Each Monday, I discuss my Scrap Happy project based on Gretchen Rubin’s The Happiness Project: Or, Why I Spent a Year Trying to Sing in the Morning, Clean My Closets, Fight Right, Read Aristotle, and Generally Have More Fun.
Today is as Good a Day as Any to Join Me
If you haven’t started your Scrap Happy project, yet, the New Year is a perfect time to get started. If you are like most Americans (I can’t speak for the rest of the world), but January is the time of year when many of us decide to get our lives and surroundings organized. I have talked about organizing my traditional scrapbook supplies and digital scrapbook supplies. Through the process of organizing, you might want to purge some of your scrapbooking materials, too. I’ve talked about purging physical photos and digital photos before, but there is more you might consider purging.
In my original Scrap Happy post on Boosting Energy, I said I would also:
- Purge out-dated supplies
- Purge supplies that are not my style
- Purge tools that I do not use
- Throw-away scraps
Oh, purging…since my daughter was born a couple of years ago, we moved across the country and downsized our home. I purged a lot of items in our house. I did not downsize my scrapbook supplies.
Part of the problem is that scrapbookers (myself included) have a hard time throwing our supplies away. We believe we might need it someday. If I throw out my outdated or ugly Christmas pattern paper, they might stop making Christmas pattern paper. I have a sticker sheet of dogs dressed up in winter/holiday gear. Hideous. I will never use these stickers. They moved with me from Atlanta, GA back to Illinois. Why? I pulled them out and put them in a pile to discard. Where should they be discarded? What are my options?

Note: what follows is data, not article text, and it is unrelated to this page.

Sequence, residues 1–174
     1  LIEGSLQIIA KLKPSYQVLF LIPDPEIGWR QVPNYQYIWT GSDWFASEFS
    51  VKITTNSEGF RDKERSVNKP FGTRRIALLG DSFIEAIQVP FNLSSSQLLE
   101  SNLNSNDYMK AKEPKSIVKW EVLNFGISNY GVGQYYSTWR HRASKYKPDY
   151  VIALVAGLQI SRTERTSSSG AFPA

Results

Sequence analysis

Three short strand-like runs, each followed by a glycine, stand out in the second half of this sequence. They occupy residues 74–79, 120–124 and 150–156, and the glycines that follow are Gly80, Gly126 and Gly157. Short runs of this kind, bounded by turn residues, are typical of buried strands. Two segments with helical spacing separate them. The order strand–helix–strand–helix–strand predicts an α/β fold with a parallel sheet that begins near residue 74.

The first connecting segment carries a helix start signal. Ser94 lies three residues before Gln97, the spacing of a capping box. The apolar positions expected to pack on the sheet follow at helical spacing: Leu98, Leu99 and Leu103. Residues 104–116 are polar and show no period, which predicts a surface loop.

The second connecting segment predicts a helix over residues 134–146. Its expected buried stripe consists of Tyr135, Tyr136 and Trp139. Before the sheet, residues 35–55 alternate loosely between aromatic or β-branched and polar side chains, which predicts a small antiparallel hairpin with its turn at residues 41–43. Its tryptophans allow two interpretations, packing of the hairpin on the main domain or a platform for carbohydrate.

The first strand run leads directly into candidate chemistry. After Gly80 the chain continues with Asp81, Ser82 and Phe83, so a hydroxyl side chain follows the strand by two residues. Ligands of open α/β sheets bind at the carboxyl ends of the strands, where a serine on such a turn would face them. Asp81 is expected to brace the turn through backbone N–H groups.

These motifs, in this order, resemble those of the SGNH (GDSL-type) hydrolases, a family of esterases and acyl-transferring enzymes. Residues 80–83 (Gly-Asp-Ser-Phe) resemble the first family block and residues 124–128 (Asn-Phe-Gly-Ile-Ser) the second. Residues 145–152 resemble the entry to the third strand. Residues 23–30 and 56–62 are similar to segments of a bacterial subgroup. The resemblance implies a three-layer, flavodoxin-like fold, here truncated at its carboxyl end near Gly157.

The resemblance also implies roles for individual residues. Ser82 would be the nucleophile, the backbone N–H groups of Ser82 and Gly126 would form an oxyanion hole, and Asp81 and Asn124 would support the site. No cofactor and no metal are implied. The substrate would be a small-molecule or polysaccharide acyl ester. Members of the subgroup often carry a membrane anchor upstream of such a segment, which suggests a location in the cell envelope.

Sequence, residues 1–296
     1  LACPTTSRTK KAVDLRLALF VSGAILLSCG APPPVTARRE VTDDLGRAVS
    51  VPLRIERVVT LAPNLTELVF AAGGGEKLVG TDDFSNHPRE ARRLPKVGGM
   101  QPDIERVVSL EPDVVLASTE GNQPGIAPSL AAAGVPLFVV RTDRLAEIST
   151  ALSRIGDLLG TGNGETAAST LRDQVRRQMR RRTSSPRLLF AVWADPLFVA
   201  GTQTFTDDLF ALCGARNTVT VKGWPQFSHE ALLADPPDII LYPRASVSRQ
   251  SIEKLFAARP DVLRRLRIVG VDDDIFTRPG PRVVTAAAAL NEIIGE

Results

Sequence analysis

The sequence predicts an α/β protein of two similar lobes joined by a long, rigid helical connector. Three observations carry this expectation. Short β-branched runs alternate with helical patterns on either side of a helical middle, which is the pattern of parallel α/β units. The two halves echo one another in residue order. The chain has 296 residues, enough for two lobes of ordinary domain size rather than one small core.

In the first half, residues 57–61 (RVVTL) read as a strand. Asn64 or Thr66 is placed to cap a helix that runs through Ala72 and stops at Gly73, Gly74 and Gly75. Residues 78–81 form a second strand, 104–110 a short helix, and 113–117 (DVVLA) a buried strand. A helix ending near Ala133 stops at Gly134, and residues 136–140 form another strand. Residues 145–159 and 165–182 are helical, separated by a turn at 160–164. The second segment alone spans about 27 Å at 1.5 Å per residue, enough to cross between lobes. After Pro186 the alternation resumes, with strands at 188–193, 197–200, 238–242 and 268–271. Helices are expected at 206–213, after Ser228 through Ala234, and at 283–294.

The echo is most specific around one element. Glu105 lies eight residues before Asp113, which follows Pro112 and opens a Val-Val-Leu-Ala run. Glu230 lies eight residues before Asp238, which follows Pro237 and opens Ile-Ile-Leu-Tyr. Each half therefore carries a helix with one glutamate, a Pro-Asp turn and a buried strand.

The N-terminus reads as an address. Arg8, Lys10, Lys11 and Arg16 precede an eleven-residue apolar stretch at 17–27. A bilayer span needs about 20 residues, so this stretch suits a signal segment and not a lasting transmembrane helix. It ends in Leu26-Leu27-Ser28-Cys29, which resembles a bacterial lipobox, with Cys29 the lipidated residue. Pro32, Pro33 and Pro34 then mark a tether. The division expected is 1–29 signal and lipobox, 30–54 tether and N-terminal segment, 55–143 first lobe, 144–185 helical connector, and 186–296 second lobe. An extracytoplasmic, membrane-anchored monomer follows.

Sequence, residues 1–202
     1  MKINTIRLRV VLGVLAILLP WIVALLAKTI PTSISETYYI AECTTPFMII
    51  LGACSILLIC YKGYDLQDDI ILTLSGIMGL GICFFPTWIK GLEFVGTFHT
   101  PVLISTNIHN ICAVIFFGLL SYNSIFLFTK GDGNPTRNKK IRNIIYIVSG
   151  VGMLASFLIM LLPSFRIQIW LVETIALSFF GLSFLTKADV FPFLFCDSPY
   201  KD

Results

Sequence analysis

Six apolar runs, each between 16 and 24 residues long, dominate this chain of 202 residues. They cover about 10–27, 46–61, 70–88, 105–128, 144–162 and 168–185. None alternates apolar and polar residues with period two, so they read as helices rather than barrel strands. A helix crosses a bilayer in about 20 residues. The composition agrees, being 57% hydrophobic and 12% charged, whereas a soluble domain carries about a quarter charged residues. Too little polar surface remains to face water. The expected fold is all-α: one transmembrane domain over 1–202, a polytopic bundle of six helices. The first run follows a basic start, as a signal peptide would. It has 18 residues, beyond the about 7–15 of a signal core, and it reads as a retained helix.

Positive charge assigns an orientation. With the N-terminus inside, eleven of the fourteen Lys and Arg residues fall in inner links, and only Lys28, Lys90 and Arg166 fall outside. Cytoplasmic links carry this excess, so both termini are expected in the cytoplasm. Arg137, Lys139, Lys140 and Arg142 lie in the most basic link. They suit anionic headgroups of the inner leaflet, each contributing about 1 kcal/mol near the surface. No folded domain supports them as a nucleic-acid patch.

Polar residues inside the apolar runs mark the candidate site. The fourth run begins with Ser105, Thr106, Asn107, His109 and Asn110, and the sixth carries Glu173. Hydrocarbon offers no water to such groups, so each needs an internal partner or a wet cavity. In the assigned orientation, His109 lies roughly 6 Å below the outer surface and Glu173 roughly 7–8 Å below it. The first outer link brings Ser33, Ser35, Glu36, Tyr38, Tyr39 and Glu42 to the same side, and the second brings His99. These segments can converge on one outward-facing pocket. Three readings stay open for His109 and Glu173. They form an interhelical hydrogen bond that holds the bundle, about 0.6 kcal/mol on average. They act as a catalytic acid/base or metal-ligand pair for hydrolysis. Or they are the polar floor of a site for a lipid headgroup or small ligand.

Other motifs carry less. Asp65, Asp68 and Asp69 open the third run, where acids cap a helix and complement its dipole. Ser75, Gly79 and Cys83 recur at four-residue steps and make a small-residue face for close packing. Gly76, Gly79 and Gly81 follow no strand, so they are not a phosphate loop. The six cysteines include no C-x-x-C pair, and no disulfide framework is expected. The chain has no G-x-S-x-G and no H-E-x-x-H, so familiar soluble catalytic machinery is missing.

The trash: I hate throwing things that might be useful to someone. I really can’t do this with most of the stuff I no longer want or need.
Sell: I could put it all in a box and try to sell it at a rummage sale or on ebay. This might work depending on what you are eliminating from your stash. Tools might sell. Unused scrapbook albums and page protectors might sell. Most paper and stickers are not going to sell very well. For me, this is a lot of work, without much return.
Donate: I have heard that social service agencies that are in charge of foster children, assist foster children in creating Lifebooks. This way, these children can have some sort of record of their life. Unfortunately, there is no real easy way to get the materials to the people who need it. You have to research to find the contact person in your area. Another option might be to donate some of your supplies to an elementary school, daycare, or even children’s hospital. I know that some Ronald McDonald’s Houses take scrapbook supplies.
Give to my daughter: The easiest option for me is to just get out a box and toss the stuff I no longer want in it and put it in a closet for my daughter. This is probably what I will do. I love the idea of donating my excess supplies, but at the same time, I feel that donations should include basic supplies (adhesive, paper trimmers, albums, etc.) so that they can actually be used relatively easily. If you are unwilling to include some of these items, include a monetary donation so that the organization can purchase these items. Or include a gift card to a photo processing business, so that they can purchase printed photographs.
Purging is Hard
Purging is often difficult if you do not know what you are going to do with the unwanted supplies. Decide this first. You can always change your mind. You might end up donating and trashing some of your supplies. Whatever you decide, keep your purge boxes handy, so you can do this periodically rather than just once a year.
Are you purging your supplies? What do you plan to do with them? Please comment below!